The New York Times' website has been inaccessible for many users since Tuesday afternoon.

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New York Times site still experiencing problems following Tuesday outage

Syrian Electronic Army takes credit for New York Times attack

The group is loyal to Syrian President Bashar Al-Assad

Twitter also experienced problems on Tuesday due to a similar attack

CNN  — 

The New York Times website was still experiencing some issues late Wednesday and early Thursday following a widespread outage. Evidence continued to mount that it was the result of an attack by the Syrian Electronic Army.

The group, loyal to Syrian President Bashar Al-Assad, has been behind multiple attacks on media websites in recent months and, on Twitter, took credit for a sophisticated hack that had hobbled the Times’ news site for roughly 20 hours.

“The @nytimes attack was going to deliver an anti-war message but our server couldn’t last for 3 minutes,” the group posted on its Twitter feed at about 9:40 Wednesday morning.

The attack came as governments in several countries considered military action in light of reports that Al-Assad has used chemical weapons against his own people in an effort to quell an uprising calling for his ouster.

“Our website and domain are now down, but it was worth the attempt, for #Syria and world peace,” the group wrote later.

What is the Syrian Electronic Army?

The group said their site was taken down because they violated their registration agreement.

People on Twitter began reporting the New York Times site was down as early as 3 p.m. ET Tuesday. Some users also reported difficulty accessing the Times’ mobile site and apps.

The newspaper posted a message on its Facebook page about 5 p.m. ET that said, “Many users are having difficulty accessing The New York Times online. We are working to fix the problem. Our initial assessment is the outage is most likely the result of a malicious external attack.”

New York Times chief information officer Marc Frons sent the same update internally to employees at 4:20 p.m. and advised them not to send out sensitive emails “until this situation is resolved,” according to a statement from the New York Times. The outage was the result of an attack on the company’s domain name registrar, Melbourne IT.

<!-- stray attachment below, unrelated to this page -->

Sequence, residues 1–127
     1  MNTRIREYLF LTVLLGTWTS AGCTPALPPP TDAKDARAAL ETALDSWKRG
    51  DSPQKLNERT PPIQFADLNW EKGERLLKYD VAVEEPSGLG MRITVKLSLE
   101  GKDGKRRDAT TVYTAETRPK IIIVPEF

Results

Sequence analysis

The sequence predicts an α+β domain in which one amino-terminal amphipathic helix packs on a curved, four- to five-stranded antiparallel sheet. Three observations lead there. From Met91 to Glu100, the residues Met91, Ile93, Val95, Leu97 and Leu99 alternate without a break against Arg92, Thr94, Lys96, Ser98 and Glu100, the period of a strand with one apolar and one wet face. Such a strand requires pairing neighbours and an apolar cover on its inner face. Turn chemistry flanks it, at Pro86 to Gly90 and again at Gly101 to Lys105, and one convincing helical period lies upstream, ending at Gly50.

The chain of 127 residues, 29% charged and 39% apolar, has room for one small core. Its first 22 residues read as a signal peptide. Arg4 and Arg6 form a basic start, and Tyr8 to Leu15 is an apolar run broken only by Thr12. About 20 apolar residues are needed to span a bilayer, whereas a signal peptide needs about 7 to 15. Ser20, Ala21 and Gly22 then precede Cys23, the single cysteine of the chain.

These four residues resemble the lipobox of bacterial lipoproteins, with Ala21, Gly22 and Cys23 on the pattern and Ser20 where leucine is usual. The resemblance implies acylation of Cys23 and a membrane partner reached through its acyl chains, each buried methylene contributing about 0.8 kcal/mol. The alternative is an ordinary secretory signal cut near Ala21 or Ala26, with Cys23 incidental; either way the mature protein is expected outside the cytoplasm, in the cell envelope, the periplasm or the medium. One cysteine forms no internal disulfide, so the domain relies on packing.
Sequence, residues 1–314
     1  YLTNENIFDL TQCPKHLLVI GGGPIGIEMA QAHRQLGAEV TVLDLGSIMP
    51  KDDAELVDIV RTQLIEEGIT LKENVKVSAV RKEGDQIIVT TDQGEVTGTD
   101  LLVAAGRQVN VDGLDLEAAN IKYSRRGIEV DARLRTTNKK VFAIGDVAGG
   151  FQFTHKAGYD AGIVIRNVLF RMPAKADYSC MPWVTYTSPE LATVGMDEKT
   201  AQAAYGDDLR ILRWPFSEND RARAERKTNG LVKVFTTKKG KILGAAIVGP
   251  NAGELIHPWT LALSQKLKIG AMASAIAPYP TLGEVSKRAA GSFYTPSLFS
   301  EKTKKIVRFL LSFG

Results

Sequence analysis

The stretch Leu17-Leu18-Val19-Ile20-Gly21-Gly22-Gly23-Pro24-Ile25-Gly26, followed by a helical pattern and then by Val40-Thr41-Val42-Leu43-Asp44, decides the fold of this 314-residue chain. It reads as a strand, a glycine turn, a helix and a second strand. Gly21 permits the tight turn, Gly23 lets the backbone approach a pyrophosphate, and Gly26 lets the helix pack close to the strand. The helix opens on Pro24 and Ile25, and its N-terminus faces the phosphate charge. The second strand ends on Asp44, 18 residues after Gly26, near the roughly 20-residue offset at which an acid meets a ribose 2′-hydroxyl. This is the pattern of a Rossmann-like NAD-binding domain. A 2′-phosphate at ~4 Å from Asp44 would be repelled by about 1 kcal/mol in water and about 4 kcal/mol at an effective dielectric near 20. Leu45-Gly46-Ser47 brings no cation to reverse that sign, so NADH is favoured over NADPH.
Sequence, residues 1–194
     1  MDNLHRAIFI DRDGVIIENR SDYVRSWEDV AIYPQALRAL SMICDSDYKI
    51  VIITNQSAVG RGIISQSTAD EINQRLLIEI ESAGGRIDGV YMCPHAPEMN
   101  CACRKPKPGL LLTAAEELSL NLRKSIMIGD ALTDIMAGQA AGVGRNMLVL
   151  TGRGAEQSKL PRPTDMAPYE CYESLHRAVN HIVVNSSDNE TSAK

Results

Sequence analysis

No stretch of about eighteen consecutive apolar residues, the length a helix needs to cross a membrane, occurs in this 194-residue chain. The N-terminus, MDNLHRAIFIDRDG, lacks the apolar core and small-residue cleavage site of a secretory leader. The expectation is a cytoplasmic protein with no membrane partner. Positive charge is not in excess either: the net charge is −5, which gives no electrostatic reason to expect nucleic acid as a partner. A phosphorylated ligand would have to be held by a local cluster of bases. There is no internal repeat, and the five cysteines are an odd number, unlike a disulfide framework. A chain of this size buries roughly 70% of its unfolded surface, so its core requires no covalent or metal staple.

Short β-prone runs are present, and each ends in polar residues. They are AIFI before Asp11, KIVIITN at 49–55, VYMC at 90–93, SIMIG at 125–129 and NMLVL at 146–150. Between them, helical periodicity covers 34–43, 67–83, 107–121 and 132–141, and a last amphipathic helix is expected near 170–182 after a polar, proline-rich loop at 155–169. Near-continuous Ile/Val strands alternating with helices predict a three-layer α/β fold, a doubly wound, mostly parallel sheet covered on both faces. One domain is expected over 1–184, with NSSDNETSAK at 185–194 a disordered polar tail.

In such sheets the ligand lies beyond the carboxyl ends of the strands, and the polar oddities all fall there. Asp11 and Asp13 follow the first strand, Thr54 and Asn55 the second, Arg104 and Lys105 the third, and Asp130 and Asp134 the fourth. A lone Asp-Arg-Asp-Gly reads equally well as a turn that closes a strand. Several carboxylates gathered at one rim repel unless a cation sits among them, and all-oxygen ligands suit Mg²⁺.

The hackers gained access to a Melbourne IT reseller account using a phishing email and proceeded to change the DNS records of multiple domains, including, according to the company.

“We are currently reviewing our logs to see if we can obtain information on the identity of the party that has used the reseller credentials, and we will share this information with the reseller and any relevant law enforcement bodies,” said Melbourne IT’s Tony Smith in a statement.

Twitter also was hampered briefly by a similar attack.

Several Twitter users posted screenshots of a “Hacked by SEA” message they said they received when they went to the New York Times homepage.

The Syrian Electronic Army has frequently targeted the U.S. news media. The group has hacked into the Twitter feeds of the Associated Press and The Washington Post, and on August 15 they briefly hacked the websites of several major news organizations redirecting them to a SEA page. has been the target of similar attacks.

Frons said Tuesday’s attack was more sophisticated than previous SEA hacks.

“It’s sort of like breaking into the local savings and loan versus breaking into Fort Knox. A domain registrar should have extremely tight security because they are holding the security to hundreds if not thousands of Web sites,” said Frons in the New York Times.

While the site was down, the New York Times continued to post articles at its numerical IP address, and at

Tuesday’s episode was the Times’ second sustained website outage this month. The newspaper’s site also went down August 14 for several hours, an outage the newspaper blamed on “an internal issue.”

In an update on a company blog, Twitter confirmed that there was a DNS issue with one of the domains used to host images. “Viewing of images and photos was sporadically impacted. By 22:29 UTC, the original domain record for was restored. No Twitter user information was affected by this incident,” said the post.

CNN’s Doug Gross contributed to this report.